If you've been owned by a Scottie - then you know. For anyone who has not previously had a Scottish Terrier, here is some information about this wonderful and unique breed. We highly recommend you visit some STCA breeders and meet Scotties and their owners. A trip to a local dog show is a great idea. But note, it is best to talk to the person showing a dog after they have shown. Before hand - they can be quite busy getting ready.
Scotties are different than many dogs - which is one reason you will find their owners so attached. They are independent and strong willed, sometimes aloof and certainly intelligent. At the same time, they are sensitive and can be very attached to their owners. Scotties can be a challenge to train, not because they are not quick and intelligent, but because they may have a different 'opinion.' They react much better to positive reenfocement training techniques. Scotties may get bored during extended training - so they will do better with short, positive and fun, lessons. One thing for sure - training a Scottie will be fun and full of laughter.
The Scottish Terrier is happy inside or outside, but will be happier with you than alone. A secure place in a home with human companionship and understanding are essential to his well being, as well as his happiness. Scotties must be in fenced yards - they have a very strong hunting instinct and will go after anything they consider prey (including a dog much larger than they). Except for very special cases - like working in a earthdog event or during obediance, agility or some similiar - your Scottie should always be on leash. This is not a dog that is scared to explore. In the dog park - Scotties are not a happy go lucky, get along with anybody, dog. They will not back down from an aggressvie dog. Electric dog fences are not appropriate for Scotties. They are pain tolerant and will easily accept the shock to chase prey out of the fence - but will then be "locked out".
Another important factor, Scotties cannot swim! If you pick up a Scottie, you will find they are dense and heavy. With short legs and a heavy head - they cannot swim well and can easily drown (and do).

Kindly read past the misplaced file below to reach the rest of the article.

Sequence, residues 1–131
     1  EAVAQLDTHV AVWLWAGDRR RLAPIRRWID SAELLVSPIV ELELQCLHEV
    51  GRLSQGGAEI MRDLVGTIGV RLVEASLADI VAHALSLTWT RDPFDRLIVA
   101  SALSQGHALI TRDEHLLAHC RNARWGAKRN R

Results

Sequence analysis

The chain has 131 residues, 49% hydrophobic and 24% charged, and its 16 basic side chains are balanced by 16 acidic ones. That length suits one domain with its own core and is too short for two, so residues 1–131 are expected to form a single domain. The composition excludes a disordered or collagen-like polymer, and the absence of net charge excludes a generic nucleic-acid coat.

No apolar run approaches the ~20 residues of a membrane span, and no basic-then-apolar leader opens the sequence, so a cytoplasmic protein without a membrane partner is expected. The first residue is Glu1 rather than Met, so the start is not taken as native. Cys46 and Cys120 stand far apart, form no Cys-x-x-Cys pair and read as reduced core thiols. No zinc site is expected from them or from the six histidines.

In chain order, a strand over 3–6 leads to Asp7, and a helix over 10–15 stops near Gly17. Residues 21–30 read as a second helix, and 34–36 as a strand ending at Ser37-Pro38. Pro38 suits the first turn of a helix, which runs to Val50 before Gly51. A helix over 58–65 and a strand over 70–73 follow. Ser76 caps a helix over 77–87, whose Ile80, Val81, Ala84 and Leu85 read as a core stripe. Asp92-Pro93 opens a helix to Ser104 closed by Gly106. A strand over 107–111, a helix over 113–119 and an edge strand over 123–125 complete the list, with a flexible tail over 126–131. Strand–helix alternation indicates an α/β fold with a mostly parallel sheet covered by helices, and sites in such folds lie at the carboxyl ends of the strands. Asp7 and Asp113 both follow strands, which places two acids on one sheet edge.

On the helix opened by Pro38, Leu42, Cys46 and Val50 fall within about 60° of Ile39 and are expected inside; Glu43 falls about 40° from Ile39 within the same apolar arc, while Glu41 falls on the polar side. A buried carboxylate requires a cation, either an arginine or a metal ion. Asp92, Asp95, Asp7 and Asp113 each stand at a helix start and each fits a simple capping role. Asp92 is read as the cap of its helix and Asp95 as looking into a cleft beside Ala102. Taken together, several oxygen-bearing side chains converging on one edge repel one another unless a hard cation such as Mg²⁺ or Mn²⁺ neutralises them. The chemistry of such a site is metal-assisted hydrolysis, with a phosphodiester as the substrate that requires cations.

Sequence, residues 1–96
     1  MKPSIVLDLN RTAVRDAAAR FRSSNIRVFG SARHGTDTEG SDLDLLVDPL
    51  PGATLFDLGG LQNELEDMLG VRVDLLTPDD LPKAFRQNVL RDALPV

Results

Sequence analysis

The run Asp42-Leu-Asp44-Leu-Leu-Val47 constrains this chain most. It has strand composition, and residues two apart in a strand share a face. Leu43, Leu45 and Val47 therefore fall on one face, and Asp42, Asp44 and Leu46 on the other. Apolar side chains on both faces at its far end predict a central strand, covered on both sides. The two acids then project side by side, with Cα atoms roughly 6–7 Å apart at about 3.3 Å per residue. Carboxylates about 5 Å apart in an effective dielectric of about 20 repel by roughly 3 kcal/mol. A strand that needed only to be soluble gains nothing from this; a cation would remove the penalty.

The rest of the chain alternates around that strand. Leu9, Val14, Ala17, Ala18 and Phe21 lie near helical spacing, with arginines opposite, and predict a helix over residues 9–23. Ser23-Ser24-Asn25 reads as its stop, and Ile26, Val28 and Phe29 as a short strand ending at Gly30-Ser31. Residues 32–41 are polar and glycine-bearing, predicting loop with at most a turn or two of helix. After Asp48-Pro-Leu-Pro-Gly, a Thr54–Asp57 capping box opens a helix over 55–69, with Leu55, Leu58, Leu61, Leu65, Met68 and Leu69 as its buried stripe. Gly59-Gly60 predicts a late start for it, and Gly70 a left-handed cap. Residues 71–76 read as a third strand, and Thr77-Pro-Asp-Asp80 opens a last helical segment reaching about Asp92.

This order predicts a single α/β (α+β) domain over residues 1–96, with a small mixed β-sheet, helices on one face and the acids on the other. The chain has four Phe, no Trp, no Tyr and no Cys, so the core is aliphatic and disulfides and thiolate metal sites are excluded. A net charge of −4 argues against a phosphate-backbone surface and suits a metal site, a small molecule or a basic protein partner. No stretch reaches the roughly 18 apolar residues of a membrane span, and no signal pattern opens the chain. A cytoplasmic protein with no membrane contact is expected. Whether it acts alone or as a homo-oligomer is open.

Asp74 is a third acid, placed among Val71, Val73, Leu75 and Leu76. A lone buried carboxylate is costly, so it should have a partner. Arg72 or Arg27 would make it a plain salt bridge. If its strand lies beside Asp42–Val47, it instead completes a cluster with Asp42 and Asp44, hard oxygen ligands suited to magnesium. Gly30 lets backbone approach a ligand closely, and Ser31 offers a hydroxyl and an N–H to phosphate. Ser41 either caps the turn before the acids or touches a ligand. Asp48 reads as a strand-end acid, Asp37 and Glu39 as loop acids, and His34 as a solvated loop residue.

By nature aloof, the Scottie may not be overly friendly to strangers. For his the family his devotion is deep and life long.
Scotties are truely a "big dog" in a small package. Just look at those teeth - bigger than you might expect!. They have very little fear and will not back down from challenges by much larger animals.
You will find Quality Scottie Breeders are a picky and devoted bunch. Many will require an extensive application and visits to the breeder are highly recommended. Their goal is that you and their puppy are happy and they may require a home visit. Good breeders will always be willing to take their Scottie back at any time if it does not work out.
Here is some more information for you to consider.
Personality- Though extremely loyal and attahced to their people, Scotties will want to do things on their terms. They are unlike most dogs because of this singular trait. Some Scotties like to sit in your lap, but often as not they just want to be nearby, but not too nearby. A true pub dog - the Scottie may be happier laying near your feet than on your lap.
Home Alone- Scotties are dependent upon being with people. It may seem strange, given their independent personality, but they like to be around their family. It is neither fair, nor healthy, to leave a Scottie penned up, crated, or on his own in the home all day on a regular basis. If people are away for long periods arrangements should be made to return, at least every four hours, to tend to his needs. It is unsafe for many reasons to leave a Scottie out in the yard during the family’s absence. A run where they can come in and out of the house, but are safely protected/confined while outside, may be a good idea. Reputable breeders may not sell a dog that is to be left outside and will not sell a dog that will be tied.
Exercise and Play – Scotties need to run, and his favorite games are chasing thrown toys (but not necessrily returning them - he ain't no retreiver), running the fence if outside critters tempt him, and playing with any other dogs. He also thrives on long walks. His favorite toys are those that appeal to his hunting instincts, things he can chew on, shake, and hide in unexpected places.
Children–Brought up with children who respect his independent nature and his rights as a living personality, the Scottie will adjust to their activities and may appoint himself as their guardian. However, his basic dignity makes him tend to shun rough and tumble games. Scotties do not like being startled, and will not put up with clumsy petting, cuddling, hair pulling or teasing.
Barking- Scotties are protective of their turf and usually bark if they sense anyone, or anything, they see as a threat. This may include postmen, deliverymen, as well as passing dogs and cats.
The Yard-A fence that cannot be jumped over, dug under, or scaled, with a locked gate, is required if the Scottie is to be let out into an unsupervised yard. Yards must be secure, flowerbeds protected, gates and doors kept locked at all times. Electric fencing will not work.